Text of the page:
This is a spoiler-free review of Sharp Object’s opening episode. Click here to see how to watch it online in the UK.
Disney’s Enchanted. Nocturnal Animals. American Hustle. The Fighter. Arrival. The Muppets. If you don’t think Amy Adams is one of the great, and most versatile, actors of modern cinema, you haven’t been paying attention for the last 19 years. With five Oscar nominations under her belt, it’s about time she had an Emmy nod to go with it, and Sharp Objects, HBO’s new psychological thriller, all but guarantees her inclusion on the awards shortlist. Adams is on sensational form in the TV drama, pouring herself into a complex character who’s busy pouring herself another drink.
We first meet Camille Preaker years before, as two young girls – Camille and her sister – roller skate down the road in their tiny American town. Except this isn’t a flashback: it’s a dream, setting up a story where everything feels internalised, each revelation steeped in personal trauma. Even the scenes lurch sharply from one to the next, often with a sudden noise jolting Camille awake, after she vanishes into an unseen haze of alcohol or emotional shock.
The latter is perhaps no surprise, given what she’s facing: now a journalist for a local newspaper, Camille is tasked with going back to her hometown to investigate the violent death of a young woman. Most detective stories would start by dropping crucial hints or explaining the backstories of the victim, but Sharp Objects’ opening episode is more interested in people over plot. Adapted from Gillian Flynn’s novel, showrunner Marti Noxon and her team of writers spend their intriguing, engrossing first hour simply setting the mood. And the mood is: wounded.
It soon becomes clear that the murder, which may or may not bear a similarity to a previous killing, is seeping into the town’s fabric, lingering in the bleak air, loitering on the slightly rundown street corners. Even the town’s name – Wind Gap – speaks to something lost, something absent. Camille blowing in inevitably ruffles some feathers (the local sheriff, played with a mix of pride and shame by Matt Craven, doesn’t want to divulge the few facts he has worked out), but this is less about racing to solve a crime and more about the way that Camille reacts to everyone she encounters. She’s there to find out information, but she’s awkward at doing so, partly because she’s not a cop, partly because she’s too busy drinking, and partly because she guiltily knows all these people, or they know her – and the pain this tiny community is going through, from mourning brothers to gossiping search parties, is stiflingly tangible.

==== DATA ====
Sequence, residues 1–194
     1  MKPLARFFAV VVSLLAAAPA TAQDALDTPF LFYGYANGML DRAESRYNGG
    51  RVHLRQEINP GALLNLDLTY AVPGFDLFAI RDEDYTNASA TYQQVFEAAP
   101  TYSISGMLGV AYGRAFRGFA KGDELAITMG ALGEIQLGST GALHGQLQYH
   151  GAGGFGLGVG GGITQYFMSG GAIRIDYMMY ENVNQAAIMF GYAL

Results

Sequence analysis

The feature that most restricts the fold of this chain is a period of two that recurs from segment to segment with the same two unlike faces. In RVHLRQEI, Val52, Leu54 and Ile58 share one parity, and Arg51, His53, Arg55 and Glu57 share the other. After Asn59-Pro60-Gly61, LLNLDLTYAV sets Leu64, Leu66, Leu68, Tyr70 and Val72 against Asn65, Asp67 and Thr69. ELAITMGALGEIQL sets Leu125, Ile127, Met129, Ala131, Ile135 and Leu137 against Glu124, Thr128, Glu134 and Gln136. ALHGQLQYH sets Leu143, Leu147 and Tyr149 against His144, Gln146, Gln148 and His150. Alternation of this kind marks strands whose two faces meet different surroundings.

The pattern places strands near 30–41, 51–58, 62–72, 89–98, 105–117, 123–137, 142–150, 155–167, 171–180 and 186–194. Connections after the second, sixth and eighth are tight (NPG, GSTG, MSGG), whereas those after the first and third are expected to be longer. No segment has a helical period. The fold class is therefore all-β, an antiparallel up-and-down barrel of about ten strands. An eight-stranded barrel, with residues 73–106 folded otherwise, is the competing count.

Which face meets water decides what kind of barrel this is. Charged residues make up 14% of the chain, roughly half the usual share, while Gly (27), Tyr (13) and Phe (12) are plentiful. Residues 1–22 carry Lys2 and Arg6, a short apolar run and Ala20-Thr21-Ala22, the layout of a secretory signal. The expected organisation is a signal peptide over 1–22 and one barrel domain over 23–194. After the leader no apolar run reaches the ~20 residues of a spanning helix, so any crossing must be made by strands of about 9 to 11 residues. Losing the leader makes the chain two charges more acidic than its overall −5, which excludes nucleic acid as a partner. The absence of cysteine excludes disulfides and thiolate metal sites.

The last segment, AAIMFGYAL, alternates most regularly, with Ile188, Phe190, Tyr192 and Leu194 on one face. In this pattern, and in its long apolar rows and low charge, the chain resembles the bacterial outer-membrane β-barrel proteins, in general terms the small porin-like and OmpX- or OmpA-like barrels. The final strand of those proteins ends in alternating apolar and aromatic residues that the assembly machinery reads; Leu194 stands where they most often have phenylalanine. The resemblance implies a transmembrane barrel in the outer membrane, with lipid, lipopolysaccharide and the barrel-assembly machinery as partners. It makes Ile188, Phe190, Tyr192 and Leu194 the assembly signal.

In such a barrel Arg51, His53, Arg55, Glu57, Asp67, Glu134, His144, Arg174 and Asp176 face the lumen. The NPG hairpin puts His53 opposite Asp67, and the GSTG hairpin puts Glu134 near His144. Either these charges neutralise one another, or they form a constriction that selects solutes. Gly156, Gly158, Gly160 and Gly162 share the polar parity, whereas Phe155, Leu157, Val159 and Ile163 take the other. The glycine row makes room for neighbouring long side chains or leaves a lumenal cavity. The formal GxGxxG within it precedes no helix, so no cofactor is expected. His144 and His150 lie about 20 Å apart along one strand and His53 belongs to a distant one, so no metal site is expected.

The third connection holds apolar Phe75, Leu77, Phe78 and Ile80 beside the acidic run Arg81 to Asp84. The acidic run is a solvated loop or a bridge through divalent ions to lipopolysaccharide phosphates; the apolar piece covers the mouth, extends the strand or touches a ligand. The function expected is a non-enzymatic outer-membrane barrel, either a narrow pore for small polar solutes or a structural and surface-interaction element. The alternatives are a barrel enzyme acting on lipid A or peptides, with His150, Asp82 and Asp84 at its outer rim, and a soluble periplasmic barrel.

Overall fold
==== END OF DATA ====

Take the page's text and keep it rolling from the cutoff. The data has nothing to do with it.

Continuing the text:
Chris Messina’s out-of-town detective, brought in to turn the manhunt’s lack of success around, sticks out like a sore thumb – and not just because he’s an attractive figure with an eye for flirting. But it’s hard to have eyes for anyone but the magnetic Adams, who sinks her teeth into a tragic figure covering up her own closet of skeletons. Camille’s homecoming should be an affectionate one, but the introduction of her mother – Adora (Patricia Clarkson) – only escalates the drama’s ominous tone, as the enigmatic matriarch moves between the pristine detachment of a housewife welcoming a stranger and the insidious overbearing nature of a mother with a dark streak.
After an initial burst of innocent sunshine, director Jean-Marc Vallée dives his camera into murkier territory, and Adams’ Camille follows suit, providing a striking, sad contrast to that once-happy, wide-eyed girl. Now a resilient adult, she sports a sharp, sarcastic wit, but hard-boiled gumshoe she ain’t: she’s all blurred edges and scuffed car keys.
Miguel Sandoval’s apparently compassionate editor, who monitors her assignment, seems to suspect that Camille’s pilgrimage will be more voyage of self-discovery than headline-grabbing expose, and the extent of his knowledge of what once happened in Wind Gap is just one of many teasing plot threads left dangling – another comes courtesy of Camille’s half-sister, Amma (Eliza Scanlen), whose two-faced friendliness promises a trio of flawed female characters scarred in some way, whether by grief, resentment at Camille for leaving town in the first place, or something of a more physical nature, like the presumably self-etched tattoos that we glimpse on Camille’s arm. This is a world of open wounds and remembered injuries, where – literally, in the case of one dream – the past can pointedly harm the present. Even with seven episodes to go, it’s enough to leave you excited about the prospect of Adams starring in another series in the future.